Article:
The most common training mistakes to avoid in endurance sport
Whether you are training for a triathlon or for your next ultra-marathon, making mistakes will undoubtably impede your training progression. To train effectively, you will need to know about the most common mistakes so that you can avoid them.
1. Lack of training periodisation
In any endurance training, there needs to be an element of differentiation throughout the year. Doing a ‘bit of everything’ all year long, instead of following specific training phases, will only provide very limited benefits and fitness improvements. In triathlon, for example, the winter ‘off’ season’ should be utilised to build a solid base level of foundational fitness and strength before moving on to a more race-specific programme in the spring.
2. Training too hard, all of the time
A common mistake that individuals make is believing that a session is wasted if it isn’t hard. As a result, most of their workouts will fall into the same ‘moderately hard’ category. This type of workout should actually be avoided as it provides very little fitness return on your training investment. The ‘moderately hard’ category also results in high levels of fatigue and thus the inability to actually train hard, in a well-planned and structured way. High-intensity training like VO2 max and anaerobic capacity workouts are essential to achieve performance improvements but you will never hit these levels if you try to push every session.
By training too hard, athletes also fail to train at a lower intensity which can bring about many physiological benefits. These lower-intensity workouts can also be combined with form and drill workouts, an excellent way to maximise your time spent training by accomplishing more than one goal at a time.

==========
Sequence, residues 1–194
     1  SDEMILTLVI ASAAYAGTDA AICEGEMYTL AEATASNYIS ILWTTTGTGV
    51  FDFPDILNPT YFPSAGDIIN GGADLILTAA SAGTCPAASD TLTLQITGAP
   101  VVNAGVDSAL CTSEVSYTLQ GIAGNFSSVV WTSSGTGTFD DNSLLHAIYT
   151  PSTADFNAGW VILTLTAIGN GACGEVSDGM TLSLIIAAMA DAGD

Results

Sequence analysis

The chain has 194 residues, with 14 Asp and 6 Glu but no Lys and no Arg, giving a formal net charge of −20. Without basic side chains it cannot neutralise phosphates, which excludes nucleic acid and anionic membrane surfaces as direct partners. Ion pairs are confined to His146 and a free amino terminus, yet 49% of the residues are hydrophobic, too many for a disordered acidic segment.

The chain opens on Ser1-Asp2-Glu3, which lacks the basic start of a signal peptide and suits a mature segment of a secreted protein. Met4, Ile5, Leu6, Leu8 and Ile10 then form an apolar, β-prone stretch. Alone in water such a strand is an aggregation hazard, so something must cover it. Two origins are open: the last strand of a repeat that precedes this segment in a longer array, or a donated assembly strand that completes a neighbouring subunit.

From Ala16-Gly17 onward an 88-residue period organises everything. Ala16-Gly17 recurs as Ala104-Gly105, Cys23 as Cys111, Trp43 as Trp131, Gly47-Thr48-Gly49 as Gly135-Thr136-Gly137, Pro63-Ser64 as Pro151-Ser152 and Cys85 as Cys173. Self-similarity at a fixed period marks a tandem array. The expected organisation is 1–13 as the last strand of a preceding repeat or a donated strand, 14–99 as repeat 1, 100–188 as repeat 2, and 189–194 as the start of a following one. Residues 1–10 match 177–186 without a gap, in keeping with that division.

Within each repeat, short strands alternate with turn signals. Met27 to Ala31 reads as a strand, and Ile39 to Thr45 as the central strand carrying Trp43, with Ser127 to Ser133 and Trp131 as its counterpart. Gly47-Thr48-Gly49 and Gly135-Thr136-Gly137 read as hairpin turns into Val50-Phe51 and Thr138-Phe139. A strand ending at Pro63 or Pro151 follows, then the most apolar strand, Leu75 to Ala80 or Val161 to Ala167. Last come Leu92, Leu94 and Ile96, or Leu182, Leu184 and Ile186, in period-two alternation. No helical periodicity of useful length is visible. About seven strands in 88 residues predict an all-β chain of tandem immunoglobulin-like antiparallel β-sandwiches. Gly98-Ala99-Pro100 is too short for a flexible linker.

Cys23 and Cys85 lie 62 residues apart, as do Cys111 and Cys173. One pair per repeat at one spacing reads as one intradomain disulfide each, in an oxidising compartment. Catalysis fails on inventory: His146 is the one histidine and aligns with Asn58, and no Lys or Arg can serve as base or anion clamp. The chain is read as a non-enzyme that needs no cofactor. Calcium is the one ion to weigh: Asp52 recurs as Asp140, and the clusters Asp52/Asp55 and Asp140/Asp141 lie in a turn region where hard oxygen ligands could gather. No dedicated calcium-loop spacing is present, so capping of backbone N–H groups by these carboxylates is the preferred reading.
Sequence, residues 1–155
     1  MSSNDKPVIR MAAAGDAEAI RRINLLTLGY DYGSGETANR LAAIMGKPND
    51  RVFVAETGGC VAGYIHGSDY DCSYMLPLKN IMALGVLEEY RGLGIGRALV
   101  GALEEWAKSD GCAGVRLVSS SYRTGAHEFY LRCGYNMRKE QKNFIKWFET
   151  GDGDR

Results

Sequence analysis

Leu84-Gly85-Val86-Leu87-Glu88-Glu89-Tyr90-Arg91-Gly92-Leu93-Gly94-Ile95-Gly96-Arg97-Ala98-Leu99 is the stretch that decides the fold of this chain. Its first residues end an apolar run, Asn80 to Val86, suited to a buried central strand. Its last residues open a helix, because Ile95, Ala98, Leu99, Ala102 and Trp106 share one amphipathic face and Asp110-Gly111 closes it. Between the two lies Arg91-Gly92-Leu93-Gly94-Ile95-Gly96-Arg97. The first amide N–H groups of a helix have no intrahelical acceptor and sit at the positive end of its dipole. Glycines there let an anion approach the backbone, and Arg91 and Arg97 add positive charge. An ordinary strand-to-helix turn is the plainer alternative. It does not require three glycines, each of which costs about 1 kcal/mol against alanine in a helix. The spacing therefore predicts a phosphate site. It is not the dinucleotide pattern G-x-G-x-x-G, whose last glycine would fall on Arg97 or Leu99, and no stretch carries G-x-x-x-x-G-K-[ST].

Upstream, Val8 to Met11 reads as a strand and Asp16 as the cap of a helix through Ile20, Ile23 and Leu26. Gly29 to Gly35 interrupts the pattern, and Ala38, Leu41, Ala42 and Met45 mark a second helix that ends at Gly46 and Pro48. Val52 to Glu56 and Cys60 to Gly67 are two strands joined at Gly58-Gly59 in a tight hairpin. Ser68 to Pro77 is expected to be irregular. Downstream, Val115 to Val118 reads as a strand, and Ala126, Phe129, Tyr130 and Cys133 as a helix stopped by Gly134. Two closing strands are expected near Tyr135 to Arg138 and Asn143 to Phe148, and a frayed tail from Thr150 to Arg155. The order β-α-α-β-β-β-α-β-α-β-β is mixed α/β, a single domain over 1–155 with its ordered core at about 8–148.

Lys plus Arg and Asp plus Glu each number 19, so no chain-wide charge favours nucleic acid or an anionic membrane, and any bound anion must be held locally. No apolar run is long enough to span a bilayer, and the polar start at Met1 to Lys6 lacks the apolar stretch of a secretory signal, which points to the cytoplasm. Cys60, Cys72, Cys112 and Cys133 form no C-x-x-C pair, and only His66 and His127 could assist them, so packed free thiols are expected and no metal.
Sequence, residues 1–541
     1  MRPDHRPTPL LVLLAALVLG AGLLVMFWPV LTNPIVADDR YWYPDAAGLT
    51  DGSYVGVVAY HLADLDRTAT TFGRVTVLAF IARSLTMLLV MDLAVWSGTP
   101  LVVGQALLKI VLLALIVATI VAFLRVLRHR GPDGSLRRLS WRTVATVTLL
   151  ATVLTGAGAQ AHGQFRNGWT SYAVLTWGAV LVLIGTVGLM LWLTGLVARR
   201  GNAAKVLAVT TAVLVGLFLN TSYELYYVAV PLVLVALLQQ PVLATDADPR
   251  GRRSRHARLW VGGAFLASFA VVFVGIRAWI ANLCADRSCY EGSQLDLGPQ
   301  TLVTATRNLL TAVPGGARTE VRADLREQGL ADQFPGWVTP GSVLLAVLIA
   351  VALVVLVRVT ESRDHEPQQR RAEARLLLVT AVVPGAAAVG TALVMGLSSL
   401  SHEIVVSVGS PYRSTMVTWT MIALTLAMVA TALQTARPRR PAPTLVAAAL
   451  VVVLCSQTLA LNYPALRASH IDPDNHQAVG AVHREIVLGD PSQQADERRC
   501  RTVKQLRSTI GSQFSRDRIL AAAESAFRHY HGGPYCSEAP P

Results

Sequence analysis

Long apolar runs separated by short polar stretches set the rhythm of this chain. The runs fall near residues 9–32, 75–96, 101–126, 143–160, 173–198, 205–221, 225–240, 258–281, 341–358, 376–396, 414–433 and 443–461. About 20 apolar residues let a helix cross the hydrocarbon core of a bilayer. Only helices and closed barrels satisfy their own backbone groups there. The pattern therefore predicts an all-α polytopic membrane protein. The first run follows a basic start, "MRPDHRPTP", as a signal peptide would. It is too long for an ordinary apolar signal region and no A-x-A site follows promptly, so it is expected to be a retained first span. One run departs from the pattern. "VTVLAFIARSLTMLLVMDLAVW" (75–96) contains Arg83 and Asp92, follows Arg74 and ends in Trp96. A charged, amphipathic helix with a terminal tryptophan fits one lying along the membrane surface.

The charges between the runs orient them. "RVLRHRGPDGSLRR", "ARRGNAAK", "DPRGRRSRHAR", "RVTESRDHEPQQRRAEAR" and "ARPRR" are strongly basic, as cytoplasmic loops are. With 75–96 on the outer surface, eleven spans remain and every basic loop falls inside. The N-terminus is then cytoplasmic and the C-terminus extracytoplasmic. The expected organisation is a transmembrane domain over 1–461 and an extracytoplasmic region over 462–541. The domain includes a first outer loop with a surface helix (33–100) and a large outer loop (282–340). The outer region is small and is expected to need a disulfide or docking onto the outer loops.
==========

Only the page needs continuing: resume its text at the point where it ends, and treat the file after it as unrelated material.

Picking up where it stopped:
3. Focusing on a ‘magic’ number
Too many times athletes focus on the number of training miles (or hours), instead of quality. This approach only results in an unhealthy addiction with exercise and copious amounts of fatiguing junk miles that have little performance benefit.
4. Unclear goals or objectives
It is important to have clear objectives and expectations, that are based on your performance metrics like heart rate, pacing and power. The more fact-based they are, the better. Once you have defined your objectives and where your fitness improvements should come from, you can then determine what training plan and structure will be required to achieve these goals and measure your progress.
5. Not considering practicalities
Once your goals and objectives are in place, you will need to temper them with a practical view; there is no point in creating a plan that is not feasible. Think about the time you have, budget, and facilities available before deciding what is achievable.
Do not let perfect get in the way of great!
6. Doing it all alone
Training is a great opportunity to engage with fellow athletes. There is something to be said about the power of working with a group or training partner to increase motivation and performance.
Athletes do not always appreciate the importance of recovery and the physiological adaptation that takes place during this time, but it is an essential component of training. Recovery weeks, rest days and taper weeks have a specific purpose and should not be ignored. Ignoring them will result in a training plateau before fitness declines.
8. Poor form
Maximum athletic performance can only be achieved when someone’s physiological efficiency and mechanical efficiency are at their best. It is important to work on your form and technique to ensure that your muscles are activating at the correct intensity, in the correct order, with the correct range of motion.
9. Not fuelling correctly
Training requires the appropriate nutrition in order to maintain performance and prevent injury. This is quite a complex component of training and requires some element of trial and error to get it 100% right. Often, much like their training, athletes will focus too much on specific nutritional practices, that have marginal gains, and neglect the fundamentals. Ultimately, no amount of beetroot juice and intermittent fasting is going to overhaul a poor diet.
Initially, focus on consuming enough calories in a well-balanced manner and taking on enough fluid and electrolytes, before progressing to a more complex outlook on sports nutrition. If you are looking to move things on to the next level, seek professional advice and avoid adopting circulating fads.
10. Taking it too seriously
Too often than not, athletes can get all-consumed with their sport and lose sight of why they started in the first place, for the enjoyment. Remember to always keep it fun.
About the author: Laura Smith is an athlete who has been a Sundried ambassador since 2017.
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